Average Age Of US Cars Trends Upward As New Sales Plateau
Average age of cars and light trucks in the US is approaching 12, according to IHS Markit
New study from IHS Markit (NYSE: INFO) shows the average age of light vehicles in circulation (VIO) in the United States has risen to 11.9 years this year, about a month higher than in 2019 Although slight, the increase may generate new business opportunities for companies operating in the aftermarket and vehicle service industry in the United States.
Several factors have contributed to increasing the average age of vehicles in the United States, according to the analysis. While vehicle scrapping rates have increased and are expected to lead to a decline in average age, growth in new vehicle sales has stabilized. Having fewer new vehicles added to the US vehicle population offset the potential decline in average age.
COVID-19 accelerates an already established trend in vehicle age
The underlying weakness in several market segments, combined with rising vehicle prices, has put upward pressure on the average age of vehicles as consumers assess their cyclical spending on goods, opt for options longer term financing or keep their vehicles longer.
“At the start of 2020, all signs were pointing to moderate growth in the average age of vehicles throughout the first half of the decade, and there was certainly growing pessimism about the duration of strong economic fundamentals,” he said. said Todd Campau, partner. Director of Aftermarket Solutions at IHS Markit. “However, the COVID-19 pandemic has created the perfect storm to accelerate the average age of American light vehicles in the years to come. This should be a positive side effect for the aftermarket, as the majority of repairs to older vehicles go through the aftermarket channel. “
New vehicle sales provide the pipeline for young vehicles entering the market. Before the pandemic, sales in the United States were already on a downward trend, accounting for just 6.1% of vehicles in service in 2019, up from 6.7% in 2016, the last record year. Based on IHS Markit’s latest forecast of the new slowdown in light of COVID-19, new vehicle sales in the United States in 2020 are expected to represent 5% or less of all vehicles on the road in 2020. The decline The share of new vehicles in the overall population means fewer younger vehicles to temper the average growth in age.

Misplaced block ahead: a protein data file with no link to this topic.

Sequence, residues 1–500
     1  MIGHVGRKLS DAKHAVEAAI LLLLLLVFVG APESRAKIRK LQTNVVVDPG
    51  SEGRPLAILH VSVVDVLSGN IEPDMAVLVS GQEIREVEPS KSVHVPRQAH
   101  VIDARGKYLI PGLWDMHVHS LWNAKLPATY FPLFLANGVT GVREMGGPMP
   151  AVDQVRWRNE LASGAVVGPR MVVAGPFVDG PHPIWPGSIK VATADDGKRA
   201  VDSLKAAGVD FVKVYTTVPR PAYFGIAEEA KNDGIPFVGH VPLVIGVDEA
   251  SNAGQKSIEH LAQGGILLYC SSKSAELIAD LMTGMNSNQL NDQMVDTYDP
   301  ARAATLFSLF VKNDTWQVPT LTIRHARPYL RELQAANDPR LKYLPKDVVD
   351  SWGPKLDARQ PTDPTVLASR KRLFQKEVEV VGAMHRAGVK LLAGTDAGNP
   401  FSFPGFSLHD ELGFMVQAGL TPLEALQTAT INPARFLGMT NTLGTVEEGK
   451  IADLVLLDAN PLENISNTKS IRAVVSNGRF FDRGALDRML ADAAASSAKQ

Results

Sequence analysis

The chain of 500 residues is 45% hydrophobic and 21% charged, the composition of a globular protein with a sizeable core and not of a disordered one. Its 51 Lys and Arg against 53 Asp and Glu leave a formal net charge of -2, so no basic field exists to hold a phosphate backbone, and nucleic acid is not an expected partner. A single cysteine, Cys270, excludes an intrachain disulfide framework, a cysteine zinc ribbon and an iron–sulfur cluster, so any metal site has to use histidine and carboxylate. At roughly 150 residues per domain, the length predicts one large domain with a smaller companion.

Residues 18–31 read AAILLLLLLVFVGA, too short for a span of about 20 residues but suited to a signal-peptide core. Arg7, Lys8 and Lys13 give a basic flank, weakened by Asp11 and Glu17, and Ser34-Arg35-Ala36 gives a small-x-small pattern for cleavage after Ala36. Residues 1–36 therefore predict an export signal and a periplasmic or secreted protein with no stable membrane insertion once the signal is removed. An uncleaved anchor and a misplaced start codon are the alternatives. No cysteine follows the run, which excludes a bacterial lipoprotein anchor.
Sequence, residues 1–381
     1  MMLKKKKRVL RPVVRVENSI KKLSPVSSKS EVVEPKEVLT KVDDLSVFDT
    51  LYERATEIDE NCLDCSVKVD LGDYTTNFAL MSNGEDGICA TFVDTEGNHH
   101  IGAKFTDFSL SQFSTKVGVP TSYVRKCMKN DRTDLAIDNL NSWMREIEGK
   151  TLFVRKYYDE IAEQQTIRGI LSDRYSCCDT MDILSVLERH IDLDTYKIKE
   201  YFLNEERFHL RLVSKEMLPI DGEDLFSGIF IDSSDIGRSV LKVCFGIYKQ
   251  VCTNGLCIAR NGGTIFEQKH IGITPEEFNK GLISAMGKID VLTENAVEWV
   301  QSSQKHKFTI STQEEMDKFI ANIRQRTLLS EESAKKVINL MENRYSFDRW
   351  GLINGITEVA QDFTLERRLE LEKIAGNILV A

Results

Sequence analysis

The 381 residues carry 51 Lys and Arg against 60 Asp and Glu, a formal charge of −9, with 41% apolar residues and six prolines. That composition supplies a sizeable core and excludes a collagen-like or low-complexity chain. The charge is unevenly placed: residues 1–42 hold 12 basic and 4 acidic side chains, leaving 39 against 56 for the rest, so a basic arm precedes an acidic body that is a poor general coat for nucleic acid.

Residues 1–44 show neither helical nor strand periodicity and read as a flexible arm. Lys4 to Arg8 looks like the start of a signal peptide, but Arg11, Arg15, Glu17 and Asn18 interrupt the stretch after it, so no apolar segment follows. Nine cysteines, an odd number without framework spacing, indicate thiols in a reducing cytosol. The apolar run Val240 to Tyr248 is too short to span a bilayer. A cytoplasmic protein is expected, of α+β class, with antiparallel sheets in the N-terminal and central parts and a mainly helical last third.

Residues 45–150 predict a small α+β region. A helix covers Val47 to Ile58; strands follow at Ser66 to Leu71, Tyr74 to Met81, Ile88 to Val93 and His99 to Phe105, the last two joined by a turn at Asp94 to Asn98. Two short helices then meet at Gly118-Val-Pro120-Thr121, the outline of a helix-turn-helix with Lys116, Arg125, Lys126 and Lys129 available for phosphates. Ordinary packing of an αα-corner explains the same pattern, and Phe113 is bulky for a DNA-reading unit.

Scrapping is the measure of vehicles leaving the workforce. In 2019, the percentage scrapping rate of vehicles on the road was 5.1%, while in the record sales year 2016 it was only 4.6%. An interesting comparison year for 2020 would be 2009 where new vehicles sold accounted for 4.2% of vehicles in service (VIO) and scrapping was 5.2%, resulting in a rapid increase in the average age. , increasing by 4 months throughout this year.
“IHS Markit predicts significant upward pressure on average age in 2020 and beyond, as consumers work towards a new standard both economically and in the way they use their personal vehicles in a post-COVID-19 era, ”Campau said. “While work-from-home policies may continue for some time, there has also been an increased reluctance to use public transit and carpooling, and many consumers are opting for car travel rather than car travel. plane for summer vacation. Therefore, vehicle-kilometers traveled (VMT) may not be greatly affected in the coming years, given the increased personal use to compensate for daily trips. “
In light of COVID-19, the changing dynamics of the vehicle fleet are expected to lead to an increase in the average age over the next few years, perhaps 4 to 6 months, according to the analysis. In turn, more vehicles will be pushed into the aftermarket sweet spot, creating good business opportunities. However, in the short term, with VMT falling in recent months to levels not seen in years, given the various home support orders across the country, some aftermarket businesses have been hit hard. This has increased pressure on product supply flows and revenues that rely on this critical use metric.
280 million vehicles in circulation remain good news for the aftermarket sector, with some caveats
According to IHS Markit, the vehicle population in the United States this year exceeded 280 million vehicles, up just 1% from 2019. Overall, a growing fleet with increasing vehicle age presents a broader addressable market and opportunities for the aftermarket sector. However, the size of the opportunity and its emergence largely depend on the distribution of the vehicle population across different age categories.
Based on the analysis, the volume of 6-11 year old vehicles is expected to increase, presenting major opportunities for the industry due to the expiration of dealer service plans and expiring warranties, creating new business opportunities for independent service and repair shops. Volumes of 12- to 15-year-old vehicles, which have been a growing source of revenue for the aftermarket, are expected to contract following declining volumes during the 2008-2009 recession, which continue to spawn a path in the vehicle population.
The impact of COVID-19 on the average age of vehicles is not expected to be uniform across the country, as the age of vehicles in some states will increase more rapidly while other states will stay closer to pre-pandemic standards. For aftermarket companies to make the most of the opportunities created by the pandemic, it will be advantageous to understand the nuances of one region to another and to be agile enough to react accordingly at the local level.